On Tea at Taxevity, Actuary Promod Sharma interviews guest Gary Hepworth, an Elder Planning Counsellor and Advocate about three main components of planning for aging: a housing plan, a financial plan and a healthcare plan.

Bridget Eastgaard from Money After Graduation  answers the question from a reader, Should I use a Line of Credit to pay off Credit Card Debt?

In Won’t more working seniors squeeze millennials out of the work force? Rob Carrick chats with Lisa Taylor, president of Challenge Factory, about why seniors who want to keep on working do not typically take jobs away from young people.

And finally, as part of his Money School series, Prem Bannerjee tackles the potential pitfalls when it comes to figuring out How to split a bill at a restaurant.


Do you follow blogs with terrific ideas for saving money that haven’t been mentioned in our weekly “Best from the blogosphere?” Share the information on http://wp.me/P1YR2T-JR and your name will be entered in a quarterly draw for a gift card.

Oct 17: Best from the blogosphere

By Sheryl Smolkin

Building on the old adage that a picture is worth a thousand word, in this edition of Best from the Blogosphere we direct you to video channels and specific personal finance videos you may want to follow regularly.

First of all, keep an eye on the series of videos from Saskatchewan Pension Plan, and in particular this one, which clarifies issues raised in a recent quiz posted on savewithspp.com. Other video blogs discuss how to become a member of SPP, how to start a company plan with SPP and why fees matter to your investments.

Money School with Preet Bannerjee tackles a whole range of topics including Employer Matching Retirement Contributions. Are you leaving money on the table?

Only buying a house is a bigger financial commitment than buying a car. The message in this humorous Get Smarter About Money video blog is that you have to look at the cost of ownership from operating costs, insurance, maintenance and financing to understand the big picture.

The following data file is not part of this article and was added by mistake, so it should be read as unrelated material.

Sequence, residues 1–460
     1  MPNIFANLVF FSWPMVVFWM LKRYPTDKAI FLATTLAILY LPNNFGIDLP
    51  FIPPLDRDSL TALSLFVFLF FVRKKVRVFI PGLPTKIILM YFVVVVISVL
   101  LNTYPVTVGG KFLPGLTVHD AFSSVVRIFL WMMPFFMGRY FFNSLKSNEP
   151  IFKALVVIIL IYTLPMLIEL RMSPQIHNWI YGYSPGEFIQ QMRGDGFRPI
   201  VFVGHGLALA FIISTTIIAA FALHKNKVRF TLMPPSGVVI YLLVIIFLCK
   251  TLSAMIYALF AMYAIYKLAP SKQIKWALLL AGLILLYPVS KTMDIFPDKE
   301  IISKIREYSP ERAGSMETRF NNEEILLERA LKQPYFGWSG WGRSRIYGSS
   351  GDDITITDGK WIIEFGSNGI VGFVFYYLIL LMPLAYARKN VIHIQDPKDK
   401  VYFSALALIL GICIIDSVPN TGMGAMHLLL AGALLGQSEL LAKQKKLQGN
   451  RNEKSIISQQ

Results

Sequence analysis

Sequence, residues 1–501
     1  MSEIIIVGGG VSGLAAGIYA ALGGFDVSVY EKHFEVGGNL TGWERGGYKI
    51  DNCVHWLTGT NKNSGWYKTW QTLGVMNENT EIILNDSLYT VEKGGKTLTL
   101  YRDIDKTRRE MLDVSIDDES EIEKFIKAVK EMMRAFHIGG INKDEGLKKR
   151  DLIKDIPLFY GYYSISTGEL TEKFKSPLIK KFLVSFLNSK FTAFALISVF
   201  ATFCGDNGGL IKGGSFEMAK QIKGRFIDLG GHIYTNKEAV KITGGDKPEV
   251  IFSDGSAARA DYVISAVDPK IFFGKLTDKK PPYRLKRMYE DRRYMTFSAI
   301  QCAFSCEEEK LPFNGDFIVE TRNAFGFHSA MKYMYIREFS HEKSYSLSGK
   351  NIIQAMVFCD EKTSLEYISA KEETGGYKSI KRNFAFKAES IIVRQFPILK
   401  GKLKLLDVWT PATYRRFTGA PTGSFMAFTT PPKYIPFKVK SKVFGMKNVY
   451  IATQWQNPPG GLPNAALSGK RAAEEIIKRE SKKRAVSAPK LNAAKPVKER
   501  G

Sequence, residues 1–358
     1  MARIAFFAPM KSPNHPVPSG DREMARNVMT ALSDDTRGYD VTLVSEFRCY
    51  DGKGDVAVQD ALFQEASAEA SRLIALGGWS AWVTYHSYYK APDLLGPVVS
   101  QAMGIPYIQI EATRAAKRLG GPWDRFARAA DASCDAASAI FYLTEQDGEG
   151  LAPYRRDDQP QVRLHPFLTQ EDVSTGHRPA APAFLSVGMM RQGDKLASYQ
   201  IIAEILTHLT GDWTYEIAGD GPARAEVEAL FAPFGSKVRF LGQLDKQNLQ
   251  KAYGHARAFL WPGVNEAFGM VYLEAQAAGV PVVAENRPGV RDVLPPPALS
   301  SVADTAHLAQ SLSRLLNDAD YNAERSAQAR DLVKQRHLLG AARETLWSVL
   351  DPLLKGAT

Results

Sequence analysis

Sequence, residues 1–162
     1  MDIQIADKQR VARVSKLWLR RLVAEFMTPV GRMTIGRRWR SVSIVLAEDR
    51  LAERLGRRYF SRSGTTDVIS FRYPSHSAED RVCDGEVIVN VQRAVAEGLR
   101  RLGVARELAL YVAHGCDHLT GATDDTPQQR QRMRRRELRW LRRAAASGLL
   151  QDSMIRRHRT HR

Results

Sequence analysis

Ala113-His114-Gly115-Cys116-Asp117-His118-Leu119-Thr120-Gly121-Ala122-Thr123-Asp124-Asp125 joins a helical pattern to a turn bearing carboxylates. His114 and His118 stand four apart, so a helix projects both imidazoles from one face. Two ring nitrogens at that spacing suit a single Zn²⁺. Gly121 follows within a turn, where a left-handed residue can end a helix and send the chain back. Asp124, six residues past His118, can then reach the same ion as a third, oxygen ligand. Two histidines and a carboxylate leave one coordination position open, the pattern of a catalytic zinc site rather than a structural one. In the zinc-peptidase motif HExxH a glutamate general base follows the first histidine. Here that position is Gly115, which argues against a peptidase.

The Globe and Mail’s Rob Carrick is featured in the “Carrick Talks Money” series of video blogs. If you can’t figure out whether or not your investment advisor is making money for you, take a look at Where can I find out how much I’ve made or lost since I opened my investment account?

And last but not least, Bridget Eastgaard from Money After Graduation discusses two ways to pay off debt in The Debt Avalanche vs The Debt Snowball. Find out which is the best approach for you!

Do you follow blogs with terrific ideas for saving money that haven’t been mentioned in our weekly “Best from the blogosphere?” Share the information on http://wp.me/P1YR2T-JR and your name will be entered in a quarterly draw for a gift card.

Aug 8: Best from the Blogosphere

By Sheryl Smolkin

And just like that, it’s August! The days are getting shorter and families are starting to think about getting the kids back to school and getting serious about the upcoming round of fall activities.

Those of you sending your kids off to college or university will be interested in The Business of University Fees by Big Cajun Man aka Alan Whitton on the Canadian Personal Finance blog. Did you know if your child is still in school he/she is probably still covered under your group medical plan at work and most universities will allow you to opt out of the university’s plan?

If you have received your first child benefit cheques and haven’t already spent them on back-to-school supplies, here are 3 Great Ways to Use Your Canada Child Benefit Payment  by Craig Sebastiano on RateHub. RESP contributions, TFSA deposits or charitable donations, anyone?

And talking about TFSAs, take a look at Robb Engen’s TFSA Dilemma and Solution on Boomer & Echo. Like many of us Robb has a ton of TFSA contribution room ($50,500) He plans to turn his $825 monthly car payment – which ends in October – into future TFSA contributions, starting in January 2017. That’s $10,000 per year to stash in his TFSA, which at that rate would catch-up all of his unused room by 2027.

Have you reviewed your life insurance lately? Are you and your partner adequately covered so if one of you dies, the other can continue to pay the family bills? Bridget Eastgaard from Money after Graduation says Cash-Value Life Insurance Is For Suckers, Buy Term Instead.

And finally, Should you work part-time in retirement? by Jonathan Chevreau on moneysense.ca includes an analysis commissioned by Larry Berman, host of BNN’s Berman Call and Chief Investment Officer of ETF Capital Management. It illustrates the powerful impact of earning just $1,000 in part-time income each month between the age of 65 and 75; or in the case of couples $2,000 a month between them.

Do you follow blogs with terrific ideas for saving money that haven’t been mentioned in our weekly “Best from the blogosphere?” Share the information on http://wp.me/P1YR2T-JR and your name will be entered in a quarterly draw for a gift card.